But if you position and package yourself appropriately, the odds will work in your favour, rather than against you." As someone who dated more than 100 men in 10 countries before she met her soulmate – an English divorcé called Paul – Paula feels more than qualified to advise others. Often it's a simple case of tooth whitening (''it knocks off five years''), Botox to smooth frown lines or regular trips to the hairdresser to hide the grey roots.
Experience has taught her to value her virtue and femininity, and she is keen to pass this message on. It's all about evolutionary psychology." Bad news for women over 40? She also recommends switching to subtly flattering make-up brands, such as Bobbi Brown or Mac.
''You're never too old to love and to be loved.'' The Big Short, the film adaptation of Michael Lewis' book of the same name about the causes of the financial crisis, opens in UK cinemas this weekend.
We know what and who is good for us and what and who is not.
Does the idea give you a stomach ache; inspire panic, fear, self-and-other-loathing and dread? I'm here to tell you it should inspire the opposite: joy, optimism, relief, curiosity, the tingly youthful enthusiasm of possibilities. We have made peace with the destructive parts of ourselves that made choices from a place of fear, not strength.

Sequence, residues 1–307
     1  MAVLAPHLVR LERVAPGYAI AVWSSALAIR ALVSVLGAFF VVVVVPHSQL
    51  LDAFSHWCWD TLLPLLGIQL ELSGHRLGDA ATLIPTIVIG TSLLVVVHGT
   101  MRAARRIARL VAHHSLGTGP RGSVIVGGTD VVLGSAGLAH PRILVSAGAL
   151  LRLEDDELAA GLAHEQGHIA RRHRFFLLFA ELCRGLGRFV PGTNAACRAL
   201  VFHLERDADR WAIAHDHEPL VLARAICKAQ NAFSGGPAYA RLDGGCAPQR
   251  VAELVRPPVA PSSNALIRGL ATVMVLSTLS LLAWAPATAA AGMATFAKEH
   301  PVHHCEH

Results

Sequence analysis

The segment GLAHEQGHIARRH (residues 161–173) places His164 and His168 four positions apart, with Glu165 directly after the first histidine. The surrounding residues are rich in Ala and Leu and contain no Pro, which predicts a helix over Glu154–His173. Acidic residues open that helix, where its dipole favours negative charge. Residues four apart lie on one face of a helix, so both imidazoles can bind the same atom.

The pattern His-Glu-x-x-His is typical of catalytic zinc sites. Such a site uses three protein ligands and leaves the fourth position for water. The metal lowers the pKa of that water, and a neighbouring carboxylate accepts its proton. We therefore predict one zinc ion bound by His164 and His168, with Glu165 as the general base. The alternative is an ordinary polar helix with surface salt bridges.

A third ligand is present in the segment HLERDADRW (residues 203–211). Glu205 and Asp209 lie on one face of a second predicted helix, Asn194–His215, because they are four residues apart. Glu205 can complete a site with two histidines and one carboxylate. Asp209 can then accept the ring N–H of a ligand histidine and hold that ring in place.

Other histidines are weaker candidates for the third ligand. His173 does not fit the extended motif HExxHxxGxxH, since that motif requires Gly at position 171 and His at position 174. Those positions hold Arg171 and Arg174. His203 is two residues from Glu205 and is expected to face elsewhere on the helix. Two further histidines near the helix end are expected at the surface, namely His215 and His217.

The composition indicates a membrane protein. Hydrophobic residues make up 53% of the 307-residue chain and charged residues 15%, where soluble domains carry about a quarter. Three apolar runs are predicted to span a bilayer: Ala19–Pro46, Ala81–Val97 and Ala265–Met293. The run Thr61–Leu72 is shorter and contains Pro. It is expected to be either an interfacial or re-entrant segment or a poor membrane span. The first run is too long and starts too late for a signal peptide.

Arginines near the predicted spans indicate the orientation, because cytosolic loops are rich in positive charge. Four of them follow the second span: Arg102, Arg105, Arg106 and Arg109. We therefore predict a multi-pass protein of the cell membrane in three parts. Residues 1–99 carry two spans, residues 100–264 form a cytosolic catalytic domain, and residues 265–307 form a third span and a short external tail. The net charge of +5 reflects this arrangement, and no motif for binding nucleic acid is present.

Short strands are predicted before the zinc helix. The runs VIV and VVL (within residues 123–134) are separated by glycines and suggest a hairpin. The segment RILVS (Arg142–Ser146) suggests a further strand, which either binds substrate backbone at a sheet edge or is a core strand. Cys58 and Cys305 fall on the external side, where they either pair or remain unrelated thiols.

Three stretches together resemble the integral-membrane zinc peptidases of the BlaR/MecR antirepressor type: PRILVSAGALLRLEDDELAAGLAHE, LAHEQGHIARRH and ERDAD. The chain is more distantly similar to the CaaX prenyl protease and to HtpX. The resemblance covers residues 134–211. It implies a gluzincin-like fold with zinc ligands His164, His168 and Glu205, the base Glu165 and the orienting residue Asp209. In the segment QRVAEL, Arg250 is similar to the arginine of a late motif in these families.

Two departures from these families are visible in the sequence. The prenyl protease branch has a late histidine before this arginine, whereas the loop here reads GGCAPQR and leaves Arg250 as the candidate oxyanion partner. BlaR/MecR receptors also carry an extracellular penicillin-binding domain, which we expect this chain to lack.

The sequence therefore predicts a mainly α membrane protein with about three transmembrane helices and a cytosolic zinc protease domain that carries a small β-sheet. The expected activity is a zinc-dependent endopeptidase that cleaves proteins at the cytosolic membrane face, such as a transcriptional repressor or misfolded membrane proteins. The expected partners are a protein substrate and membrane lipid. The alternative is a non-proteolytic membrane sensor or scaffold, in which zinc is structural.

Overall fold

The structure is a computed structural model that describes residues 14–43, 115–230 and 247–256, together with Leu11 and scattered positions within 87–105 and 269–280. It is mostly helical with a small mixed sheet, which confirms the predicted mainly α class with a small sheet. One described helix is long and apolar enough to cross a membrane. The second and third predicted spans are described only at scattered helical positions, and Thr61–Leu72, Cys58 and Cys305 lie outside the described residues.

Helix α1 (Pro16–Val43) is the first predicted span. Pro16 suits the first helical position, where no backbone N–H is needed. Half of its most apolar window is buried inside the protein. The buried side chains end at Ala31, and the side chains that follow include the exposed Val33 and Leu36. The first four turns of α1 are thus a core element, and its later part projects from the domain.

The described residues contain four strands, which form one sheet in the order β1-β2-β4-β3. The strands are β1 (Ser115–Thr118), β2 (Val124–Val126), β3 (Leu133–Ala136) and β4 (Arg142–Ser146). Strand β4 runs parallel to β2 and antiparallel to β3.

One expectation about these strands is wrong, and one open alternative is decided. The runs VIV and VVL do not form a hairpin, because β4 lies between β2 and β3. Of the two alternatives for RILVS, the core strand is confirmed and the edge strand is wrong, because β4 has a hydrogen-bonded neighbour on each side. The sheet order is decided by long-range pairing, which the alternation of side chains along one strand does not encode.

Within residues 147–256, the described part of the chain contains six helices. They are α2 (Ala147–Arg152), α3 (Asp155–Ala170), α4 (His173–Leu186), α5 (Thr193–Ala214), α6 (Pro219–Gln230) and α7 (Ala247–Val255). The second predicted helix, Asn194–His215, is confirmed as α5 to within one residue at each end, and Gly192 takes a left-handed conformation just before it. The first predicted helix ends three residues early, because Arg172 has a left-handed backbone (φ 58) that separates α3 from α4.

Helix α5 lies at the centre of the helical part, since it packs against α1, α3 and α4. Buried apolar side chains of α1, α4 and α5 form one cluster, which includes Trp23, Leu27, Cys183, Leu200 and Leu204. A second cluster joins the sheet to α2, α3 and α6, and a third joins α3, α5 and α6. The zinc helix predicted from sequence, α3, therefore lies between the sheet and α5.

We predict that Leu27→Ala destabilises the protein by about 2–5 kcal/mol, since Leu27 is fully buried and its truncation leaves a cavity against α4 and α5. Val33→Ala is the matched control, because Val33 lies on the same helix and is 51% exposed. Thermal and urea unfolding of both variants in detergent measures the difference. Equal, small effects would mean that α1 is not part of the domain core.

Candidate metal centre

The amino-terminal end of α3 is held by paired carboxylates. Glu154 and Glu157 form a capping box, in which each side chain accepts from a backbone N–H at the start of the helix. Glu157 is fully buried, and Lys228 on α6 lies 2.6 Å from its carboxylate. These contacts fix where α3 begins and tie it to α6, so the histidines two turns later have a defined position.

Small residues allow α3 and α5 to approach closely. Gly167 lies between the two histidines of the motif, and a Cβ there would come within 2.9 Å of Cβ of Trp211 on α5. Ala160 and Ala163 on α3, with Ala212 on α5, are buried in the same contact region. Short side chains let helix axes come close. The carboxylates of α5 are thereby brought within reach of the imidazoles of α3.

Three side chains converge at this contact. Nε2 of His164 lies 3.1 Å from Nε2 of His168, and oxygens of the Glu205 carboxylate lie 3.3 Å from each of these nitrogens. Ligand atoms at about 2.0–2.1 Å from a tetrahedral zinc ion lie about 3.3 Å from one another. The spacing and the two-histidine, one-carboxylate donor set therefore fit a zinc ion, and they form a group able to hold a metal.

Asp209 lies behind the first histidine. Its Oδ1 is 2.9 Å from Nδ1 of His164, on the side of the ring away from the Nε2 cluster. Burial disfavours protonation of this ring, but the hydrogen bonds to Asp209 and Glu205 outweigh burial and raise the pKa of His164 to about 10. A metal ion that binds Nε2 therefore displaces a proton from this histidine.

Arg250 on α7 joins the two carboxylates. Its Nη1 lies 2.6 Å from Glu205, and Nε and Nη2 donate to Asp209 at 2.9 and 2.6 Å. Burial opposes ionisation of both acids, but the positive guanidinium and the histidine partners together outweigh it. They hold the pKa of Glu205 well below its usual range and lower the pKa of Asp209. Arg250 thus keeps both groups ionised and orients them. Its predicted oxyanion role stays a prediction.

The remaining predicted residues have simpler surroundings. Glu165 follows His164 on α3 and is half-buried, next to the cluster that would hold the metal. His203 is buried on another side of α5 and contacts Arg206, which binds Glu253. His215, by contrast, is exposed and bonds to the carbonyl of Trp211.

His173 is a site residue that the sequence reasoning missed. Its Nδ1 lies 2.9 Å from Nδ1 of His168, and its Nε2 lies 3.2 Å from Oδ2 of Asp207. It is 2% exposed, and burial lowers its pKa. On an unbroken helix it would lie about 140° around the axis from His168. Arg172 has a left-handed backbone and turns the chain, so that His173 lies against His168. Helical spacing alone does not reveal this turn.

The fear of youth Because you've got nothing to lose! We were hunters - aiming for the career, the guy, the condo, the essential pieces of that elusive Real Life. Women and the blessings of aging We've finally made peace with all the enemies of our younger selves - our parents, our exes, our bodies, our limitations, our life choices, all the stuff we thought we could control but couldn't, our mortality, our unique strengths and magic, our maternal and womanly wisdom we no longer ignore but allow to guide us.
The stakes are so much lower than when we were in our 20s, juggling careers and the relentless anxiety of the have-it-all culture we were promised. We got the career, the husband, the house, the dog, the kids the All in Having It All. Now we've got older kids who turned out far better than we could have ever hoped; a cool job we finally feel challenges us and is worth our time; a fab circle of righteous and hilarious midlife BFFs we don't have nearly enough time to see.
If you can't remember when someone last asked you out, it isn't the minefield of how to behave in a restaurant that causes anguish, it's securing a date in the first place.
Former corporate high-flier Paula Rosdol, a London-based American, specialises in helping women in midlife and beyond relaunch themselves onto the dating scene.
"They've done well in their careers and they've lost touch with their femininity.
But men prefer women who are not confrontational or loud – and who have a soft lilt to their voice." No doubt she's right, but such contrived stratagems go against a certain Anglo Saxon straightforwardness – and there's something uncomfortably Stepford about all that grooming and pearly dentistry.
We've had it all: careers, marriage, kids, divorce. So, as my mother always says, about everything: "What could be bad?